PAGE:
For paper files, I do have additional folders for:

  • Important papers
  • Each of my dogs and cat
  • Health insurance information
  • Portfolio samples
  • Each car
  • Each house
  • Tax information and receipts for the current tax year

I have some other folders, too, but jury’s out on whether they are actually helpful.

Read more:

From Consumer Reports: http://www.consumerreports.org/taxes/how-long-to-keep-tax-documents/

From Real Simple: http://www.realsimple.com/home-organizing/5-steps-to-simpler-record-keeping

From FEMA: Safeguarding valuable papers

Ready to organize those files?

Tidying up and the Great Material Continuum

You may be familiar with Marie Kondo’s The Life Changing of Magic of Tidying Up. I have read it and adopted some of her tips. It’s so much easier for me to part ways with things now and our t-shirt drawers are amazing. (If you haven’t read it, please read it before judging it–to do otherwise is so not cool.)

Very often when I read a self-help book, I look for the thing or things that I can integrate into my routine, the concept that improves life in some way. I am not fanatical about self-help books. For me, they are just tools in the tool box. And I need tools for tidying.

I have too much stuff. I have good ideas but sometimes like a Pinterest pin, things don’t go to plan. Sometimes I outgrow things (literally and figuratively). And Kondo’s suggestion to thank an item for its service and then to let it go is helpful when faced with an overflowing closet. I do have a generous heart and something that has really assuaged my guilt about acquiring so many things is a Ferengi concept, the Great Material Continuum. This is explained in Treachery, Faith and the Great River from season seven of Star Trek Deep Space Nine. (Get the complete series for less than $100–what a deal.) Basically it’s the idea that you have too much of a thing and not enough of something else while someone else needs what you have and another person has what you need. You put your excess out to the universe and you ask the universe for what you need. (Like Freecycle!)

As Nog says, you have to have faith in the Great Material Continuum.

So I do.

What I have been watching and reading

We have been Netflix customers for more than 10 years. We started off as DVD-in-the-mail customers and then made the switch to digital. In the beginning, there wasn’t much to watch and admittedly I can go weeks without turning on the TV. But I have some recent favorites.

The Fundamentals of Caring is a movie that everyone should watch. It deals with the difficulties of severe physical problems without descending into disability porn. We are all the same in spite of what we might appear to be.

Like Sunday, Like Rain is a story about love and the inconvenience of love. I like stories about kids that let them have power and depth without being far-fetched.

Copenhagen starts in such a way that you loathe the main character. He is also transformed by a kid. This is also a story about the inconvenience of love and doing the right thing even after a lifetime of being wronged and doing the wrong thing.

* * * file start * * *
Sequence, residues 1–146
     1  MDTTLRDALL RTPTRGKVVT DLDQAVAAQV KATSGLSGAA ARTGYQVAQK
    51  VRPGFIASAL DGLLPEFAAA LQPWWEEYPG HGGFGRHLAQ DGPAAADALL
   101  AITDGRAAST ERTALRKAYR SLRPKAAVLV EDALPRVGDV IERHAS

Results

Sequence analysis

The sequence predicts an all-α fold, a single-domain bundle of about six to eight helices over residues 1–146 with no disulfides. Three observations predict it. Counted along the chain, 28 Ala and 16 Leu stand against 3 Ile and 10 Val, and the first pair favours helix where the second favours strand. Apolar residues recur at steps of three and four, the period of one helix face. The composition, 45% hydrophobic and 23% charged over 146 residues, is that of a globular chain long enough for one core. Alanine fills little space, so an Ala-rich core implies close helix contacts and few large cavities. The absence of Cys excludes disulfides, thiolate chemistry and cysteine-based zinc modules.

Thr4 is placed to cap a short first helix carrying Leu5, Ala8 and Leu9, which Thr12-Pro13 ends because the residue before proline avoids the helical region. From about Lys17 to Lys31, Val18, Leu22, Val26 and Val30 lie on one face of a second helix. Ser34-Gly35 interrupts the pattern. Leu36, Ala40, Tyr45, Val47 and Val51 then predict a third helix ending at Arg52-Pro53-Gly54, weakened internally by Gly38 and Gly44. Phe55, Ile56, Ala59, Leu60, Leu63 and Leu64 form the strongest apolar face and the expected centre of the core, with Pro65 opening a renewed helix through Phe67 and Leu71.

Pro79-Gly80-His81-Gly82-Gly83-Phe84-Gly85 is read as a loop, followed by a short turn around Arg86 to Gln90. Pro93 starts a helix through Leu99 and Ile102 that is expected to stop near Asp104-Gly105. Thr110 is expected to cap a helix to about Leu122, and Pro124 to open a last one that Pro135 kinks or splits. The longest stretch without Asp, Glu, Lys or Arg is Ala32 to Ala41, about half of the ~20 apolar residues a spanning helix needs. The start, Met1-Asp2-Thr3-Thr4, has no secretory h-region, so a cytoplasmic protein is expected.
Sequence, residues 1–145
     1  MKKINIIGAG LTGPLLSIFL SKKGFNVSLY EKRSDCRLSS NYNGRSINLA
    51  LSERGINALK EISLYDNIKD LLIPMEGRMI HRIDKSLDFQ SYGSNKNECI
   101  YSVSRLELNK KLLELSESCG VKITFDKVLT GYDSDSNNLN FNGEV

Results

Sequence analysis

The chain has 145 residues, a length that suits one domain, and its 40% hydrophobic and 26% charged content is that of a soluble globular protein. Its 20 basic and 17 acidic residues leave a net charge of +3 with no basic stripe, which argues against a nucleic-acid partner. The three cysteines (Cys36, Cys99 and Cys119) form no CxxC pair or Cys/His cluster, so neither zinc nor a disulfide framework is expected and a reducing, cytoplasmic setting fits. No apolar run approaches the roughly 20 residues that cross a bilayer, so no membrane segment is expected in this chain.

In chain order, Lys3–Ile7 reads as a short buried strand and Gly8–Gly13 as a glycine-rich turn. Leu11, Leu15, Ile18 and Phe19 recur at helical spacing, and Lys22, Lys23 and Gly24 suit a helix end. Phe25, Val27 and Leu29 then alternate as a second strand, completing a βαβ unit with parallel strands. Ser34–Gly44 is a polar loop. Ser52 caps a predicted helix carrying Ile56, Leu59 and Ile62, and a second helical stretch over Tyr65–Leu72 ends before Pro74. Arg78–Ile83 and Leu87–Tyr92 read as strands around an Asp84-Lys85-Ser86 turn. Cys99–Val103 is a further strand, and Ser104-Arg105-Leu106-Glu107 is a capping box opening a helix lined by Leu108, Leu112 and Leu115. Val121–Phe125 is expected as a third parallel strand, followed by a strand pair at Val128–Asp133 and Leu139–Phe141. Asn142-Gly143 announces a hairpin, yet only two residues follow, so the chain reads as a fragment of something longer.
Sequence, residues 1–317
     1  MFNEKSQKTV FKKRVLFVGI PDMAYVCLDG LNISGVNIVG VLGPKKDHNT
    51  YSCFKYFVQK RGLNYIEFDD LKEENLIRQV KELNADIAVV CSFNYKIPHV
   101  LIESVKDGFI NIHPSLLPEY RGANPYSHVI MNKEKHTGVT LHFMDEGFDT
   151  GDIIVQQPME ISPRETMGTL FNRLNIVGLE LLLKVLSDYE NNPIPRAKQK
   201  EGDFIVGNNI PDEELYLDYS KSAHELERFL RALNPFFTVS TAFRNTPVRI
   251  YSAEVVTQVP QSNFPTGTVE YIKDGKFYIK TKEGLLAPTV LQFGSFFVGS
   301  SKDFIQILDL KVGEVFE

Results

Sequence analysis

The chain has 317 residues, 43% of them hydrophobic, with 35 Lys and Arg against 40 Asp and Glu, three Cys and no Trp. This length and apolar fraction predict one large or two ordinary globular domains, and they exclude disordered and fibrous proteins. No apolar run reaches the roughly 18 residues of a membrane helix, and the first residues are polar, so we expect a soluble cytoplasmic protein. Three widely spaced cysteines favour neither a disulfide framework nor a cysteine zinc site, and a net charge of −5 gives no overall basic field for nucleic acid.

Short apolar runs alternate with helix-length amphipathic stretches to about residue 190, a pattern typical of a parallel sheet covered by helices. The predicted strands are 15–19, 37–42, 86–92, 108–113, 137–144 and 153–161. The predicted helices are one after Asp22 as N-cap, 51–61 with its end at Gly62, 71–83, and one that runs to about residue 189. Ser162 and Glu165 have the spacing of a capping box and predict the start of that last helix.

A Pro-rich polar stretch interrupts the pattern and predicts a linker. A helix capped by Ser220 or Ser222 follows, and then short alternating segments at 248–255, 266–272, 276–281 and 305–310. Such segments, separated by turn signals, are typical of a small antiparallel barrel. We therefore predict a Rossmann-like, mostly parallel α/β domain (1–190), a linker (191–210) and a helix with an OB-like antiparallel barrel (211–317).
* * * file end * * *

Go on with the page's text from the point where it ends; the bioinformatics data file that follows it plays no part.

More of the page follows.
The Beauty Inside is such a Korean filmmaker’s take on the Quantum Leap idea of jumping from body to body. (It was also a television series.) The loneliness and logistics of such a life do feel unbearable but I, the queen of happy endings, can tell you to hang in there until the end.

I also really loved the TV series Haven based on the Stephen King book The Colorado Kid which I also recommend. We listened to the audio book. The Maine accents took a little adjustment but it was something we looked forward to every time that we got in the car. Haven is a town plagued by “the troubles” and Nathan, Audrey and Duke are on a never-ending quest to help the troubled. Also Nathan and Audrey: epic love story.

Lost Girl is a supernatural drama about the world of the Fae.  Bo and Dyson, another epic love story. Bo and Kenzie are a different kind of love story, friends that rescue each other and become bonded at the heart.  It is extremely violent at times and I spent some portion with my hands over my eyes. But the story is captivating.

Limitless is based on a movie   It’s so sad that there is only one season of this. The main character, Brian, is a bit of a hapless dork with a crazy wardrobe who is transformed into a super computer with the help of NZT a brain enhancing drug.

Vampire Diaries: I initially bought the first season on DVD mistaking it for Vampire Academy (vampires in high school–you can see how it happened). I am a sucker for vampire stories–they are always the ultimate redemption stories. The last couple of seasons have been weird for me but I definitely recommend the first few. This is based on the books by LJ Smith. I couldn’t read the books after watching the series (some of the differences were disconcerting) but I did like Smith’s Night World books and I hope the promised 10th book will be published some day.

I am reading Hidden Figures  by Margot Lee Shetterly and looking forward to seeing the movie. It’s a fascinating account of African American women mathematicians working for Langley Research Center starting at the end of WWII. But it also makes me sad because just as these figures have been hidden from history, others have, too. It makes me grateful for writers and historians who bring these histories to light.